Dr. Jacob Wisse is an Associate Professor of Art History at Stern College for Women, Co-Chair of YU’s Department of Fine Arts and Music, and Director of Yeshiva University Museum. He has headed the art history program at Stern since 2005 and the YU Museum since 2009. During his first year at YU, he was named Lillian F. and William L. Silber Professor of the Year. A native of Montreal, where he received an extensive Jewish education, Jacob earned his B.A. from McGill University and his M.A. and Ph.D. from the Institute of Fine Arts of New York University, where he specialized in Northern European art of the late Medieval and Renaissance eras. His book, City Painters in the Burgundian Netherlands, will be published by Brepols Press.
He also has a background in museum education and curatorial work and lives on the Upper West Side with his wife and two daughters, ages 5 and 2.
1. What did you do before you joined YU as a faculty member?
While in graduate school in Art History, I worked at The Metropolitan Museum of Art for two years, which piqued my interest in museum work. Immediately after earning my Ph.D., I started teaching, which I loved – somewhat to my surprise. I taught at Cooper Union and Adelphi University before joining Yeshiva University.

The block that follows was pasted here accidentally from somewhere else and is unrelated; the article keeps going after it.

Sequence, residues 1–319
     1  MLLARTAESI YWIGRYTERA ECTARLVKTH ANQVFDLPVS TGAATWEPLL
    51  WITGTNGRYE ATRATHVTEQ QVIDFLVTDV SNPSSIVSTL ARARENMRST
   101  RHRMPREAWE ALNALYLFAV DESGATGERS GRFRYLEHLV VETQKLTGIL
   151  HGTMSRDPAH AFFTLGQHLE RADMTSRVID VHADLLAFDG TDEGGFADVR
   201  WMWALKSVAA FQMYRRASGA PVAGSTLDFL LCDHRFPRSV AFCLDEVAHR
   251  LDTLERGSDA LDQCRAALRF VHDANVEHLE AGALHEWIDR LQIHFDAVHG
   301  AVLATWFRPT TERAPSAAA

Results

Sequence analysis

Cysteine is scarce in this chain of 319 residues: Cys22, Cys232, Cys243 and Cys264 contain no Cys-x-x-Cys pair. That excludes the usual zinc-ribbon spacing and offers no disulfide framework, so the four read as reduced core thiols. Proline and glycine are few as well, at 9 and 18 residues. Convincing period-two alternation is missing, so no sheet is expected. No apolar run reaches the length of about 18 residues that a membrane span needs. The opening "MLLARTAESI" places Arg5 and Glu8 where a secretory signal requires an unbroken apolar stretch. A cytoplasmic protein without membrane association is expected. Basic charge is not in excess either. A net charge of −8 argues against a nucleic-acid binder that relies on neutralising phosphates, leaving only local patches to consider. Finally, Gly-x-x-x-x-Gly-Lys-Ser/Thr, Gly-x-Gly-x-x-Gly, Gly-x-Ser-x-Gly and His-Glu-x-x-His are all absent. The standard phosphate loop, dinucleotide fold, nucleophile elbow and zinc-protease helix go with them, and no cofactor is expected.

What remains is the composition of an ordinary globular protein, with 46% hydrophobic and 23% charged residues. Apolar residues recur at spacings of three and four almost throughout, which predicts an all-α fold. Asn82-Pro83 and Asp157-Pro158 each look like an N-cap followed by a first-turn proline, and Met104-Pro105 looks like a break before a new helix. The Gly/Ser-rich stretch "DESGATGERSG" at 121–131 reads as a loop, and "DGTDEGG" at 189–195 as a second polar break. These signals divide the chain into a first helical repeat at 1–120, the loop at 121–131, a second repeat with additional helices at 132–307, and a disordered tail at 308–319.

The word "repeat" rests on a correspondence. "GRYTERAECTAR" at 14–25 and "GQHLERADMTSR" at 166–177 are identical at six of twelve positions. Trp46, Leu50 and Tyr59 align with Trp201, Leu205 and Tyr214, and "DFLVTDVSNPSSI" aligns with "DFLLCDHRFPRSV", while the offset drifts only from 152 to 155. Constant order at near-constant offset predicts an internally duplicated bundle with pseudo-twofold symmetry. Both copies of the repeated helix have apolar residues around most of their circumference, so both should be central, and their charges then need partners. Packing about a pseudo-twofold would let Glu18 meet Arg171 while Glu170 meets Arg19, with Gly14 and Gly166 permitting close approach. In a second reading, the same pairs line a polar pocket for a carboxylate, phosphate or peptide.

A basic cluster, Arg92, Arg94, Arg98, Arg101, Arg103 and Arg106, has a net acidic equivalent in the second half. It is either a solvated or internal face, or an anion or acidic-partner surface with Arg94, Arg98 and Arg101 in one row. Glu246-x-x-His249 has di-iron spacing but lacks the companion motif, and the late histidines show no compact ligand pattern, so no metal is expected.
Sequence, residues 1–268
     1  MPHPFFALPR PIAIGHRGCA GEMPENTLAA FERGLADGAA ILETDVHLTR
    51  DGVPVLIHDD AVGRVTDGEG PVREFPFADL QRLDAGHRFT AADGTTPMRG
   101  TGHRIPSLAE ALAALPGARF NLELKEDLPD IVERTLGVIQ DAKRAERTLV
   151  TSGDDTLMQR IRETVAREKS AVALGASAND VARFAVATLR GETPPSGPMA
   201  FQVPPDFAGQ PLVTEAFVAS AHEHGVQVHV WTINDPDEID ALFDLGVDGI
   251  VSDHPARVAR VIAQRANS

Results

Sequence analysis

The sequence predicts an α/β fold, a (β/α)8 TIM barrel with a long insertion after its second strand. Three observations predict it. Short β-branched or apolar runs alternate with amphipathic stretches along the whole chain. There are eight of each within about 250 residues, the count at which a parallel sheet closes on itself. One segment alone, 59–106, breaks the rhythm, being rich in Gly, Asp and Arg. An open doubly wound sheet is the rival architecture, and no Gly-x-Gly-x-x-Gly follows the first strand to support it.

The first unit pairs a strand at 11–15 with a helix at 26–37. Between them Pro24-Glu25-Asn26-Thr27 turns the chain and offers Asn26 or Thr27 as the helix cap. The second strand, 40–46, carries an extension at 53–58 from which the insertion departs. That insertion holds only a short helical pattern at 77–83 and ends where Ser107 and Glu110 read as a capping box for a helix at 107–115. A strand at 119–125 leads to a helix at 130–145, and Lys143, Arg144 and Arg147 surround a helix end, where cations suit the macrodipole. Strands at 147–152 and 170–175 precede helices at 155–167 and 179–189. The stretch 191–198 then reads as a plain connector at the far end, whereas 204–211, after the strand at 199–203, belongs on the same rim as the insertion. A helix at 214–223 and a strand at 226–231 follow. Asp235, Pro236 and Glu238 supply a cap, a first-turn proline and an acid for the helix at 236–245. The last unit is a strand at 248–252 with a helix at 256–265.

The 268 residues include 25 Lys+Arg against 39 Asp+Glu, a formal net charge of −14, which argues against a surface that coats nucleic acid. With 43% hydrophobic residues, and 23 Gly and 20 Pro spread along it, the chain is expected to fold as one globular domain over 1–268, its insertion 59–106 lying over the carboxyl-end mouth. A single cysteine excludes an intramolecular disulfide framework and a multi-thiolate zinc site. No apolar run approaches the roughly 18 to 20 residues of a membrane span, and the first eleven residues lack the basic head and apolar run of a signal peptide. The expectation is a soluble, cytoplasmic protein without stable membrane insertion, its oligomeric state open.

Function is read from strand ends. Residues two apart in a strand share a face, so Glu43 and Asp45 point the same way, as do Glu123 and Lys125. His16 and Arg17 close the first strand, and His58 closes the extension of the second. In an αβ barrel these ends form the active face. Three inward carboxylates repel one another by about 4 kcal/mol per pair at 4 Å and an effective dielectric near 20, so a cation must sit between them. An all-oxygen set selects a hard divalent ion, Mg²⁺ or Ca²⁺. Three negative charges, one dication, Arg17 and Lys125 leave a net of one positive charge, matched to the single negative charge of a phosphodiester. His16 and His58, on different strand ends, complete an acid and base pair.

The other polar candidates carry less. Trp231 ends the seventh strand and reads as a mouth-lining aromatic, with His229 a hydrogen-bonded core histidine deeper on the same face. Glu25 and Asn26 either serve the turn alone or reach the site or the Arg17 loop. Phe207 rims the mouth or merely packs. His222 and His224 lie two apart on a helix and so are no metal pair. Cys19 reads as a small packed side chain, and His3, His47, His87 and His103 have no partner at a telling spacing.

2. What is your favorite aspect of your job at YU?
I have the opportunity to work at two things I love – teaching and museum work. The combination is complementary and very fulfilling. I enjoy the students, who are bright, serious and challenging. And I appreciate working within an institution that emphasizes the broader values of learning and education.
3. What profession other than your own would you like to attempt?
I’m quite happy with what I do, though one hazard of my trade is how appealing it makes the process of creating beautiful works of art or architecture. I can’t say I have ever seriously considered becoming an artist or architect, but I’m not immune to the fantasy.
4. What is your goal as a purveyor of the arts, and what is your goal as a teacher?
My goals through the museum are to make people experience history and culture in new, powerful and personally affecting ways, as well as to appreciate the interconnection of art and ideas. My main goals as a teacher are to encourage students to look closely at what we study in the classroom and what they encounter outside of it; to appreciate the power art has to express the human condition; and to take joy in what they see and learn.
5. What would your current and former YU students be surprised to learn about you?
I don’t know if students would be surprised to learn how much I love teaching. I suspect students generally aren’t aware of how affecting and meaningful the classroom experience can be on teachers; I know that as a student, I certainly wasn’t.